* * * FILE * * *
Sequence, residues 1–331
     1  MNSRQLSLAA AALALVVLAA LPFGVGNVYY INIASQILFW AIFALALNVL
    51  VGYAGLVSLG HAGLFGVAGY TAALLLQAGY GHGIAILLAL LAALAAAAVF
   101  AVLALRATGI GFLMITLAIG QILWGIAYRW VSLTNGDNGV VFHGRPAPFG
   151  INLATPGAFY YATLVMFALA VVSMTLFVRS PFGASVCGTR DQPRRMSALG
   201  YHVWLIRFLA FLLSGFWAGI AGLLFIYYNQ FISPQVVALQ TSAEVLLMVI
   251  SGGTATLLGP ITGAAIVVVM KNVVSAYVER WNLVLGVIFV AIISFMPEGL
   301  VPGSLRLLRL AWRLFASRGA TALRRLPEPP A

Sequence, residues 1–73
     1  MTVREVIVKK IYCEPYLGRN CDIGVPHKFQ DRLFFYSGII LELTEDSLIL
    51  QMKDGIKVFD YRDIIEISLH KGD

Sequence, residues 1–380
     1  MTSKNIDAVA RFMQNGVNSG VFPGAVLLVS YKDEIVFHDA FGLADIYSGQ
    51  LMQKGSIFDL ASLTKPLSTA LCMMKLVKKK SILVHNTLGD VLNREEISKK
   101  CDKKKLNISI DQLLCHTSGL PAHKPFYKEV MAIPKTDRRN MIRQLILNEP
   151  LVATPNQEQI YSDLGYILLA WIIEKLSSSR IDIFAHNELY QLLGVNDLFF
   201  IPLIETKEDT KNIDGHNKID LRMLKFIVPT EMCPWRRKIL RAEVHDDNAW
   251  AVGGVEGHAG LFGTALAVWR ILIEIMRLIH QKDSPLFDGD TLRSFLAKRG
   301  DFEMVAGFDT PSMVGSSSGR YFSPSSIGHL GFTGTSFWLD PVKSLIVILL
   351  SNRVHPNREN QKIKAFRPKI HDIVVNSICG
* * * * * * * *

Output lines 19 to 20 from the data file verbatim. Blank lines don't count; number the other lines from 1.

   301  DFEMVAGFDT PSMVGSSSGR YFSPSSIGHL GFTGTSFWLD PVKSLIVILL
   351  SNRVHPNREN QKIKAFRPKI HDIVVNSICG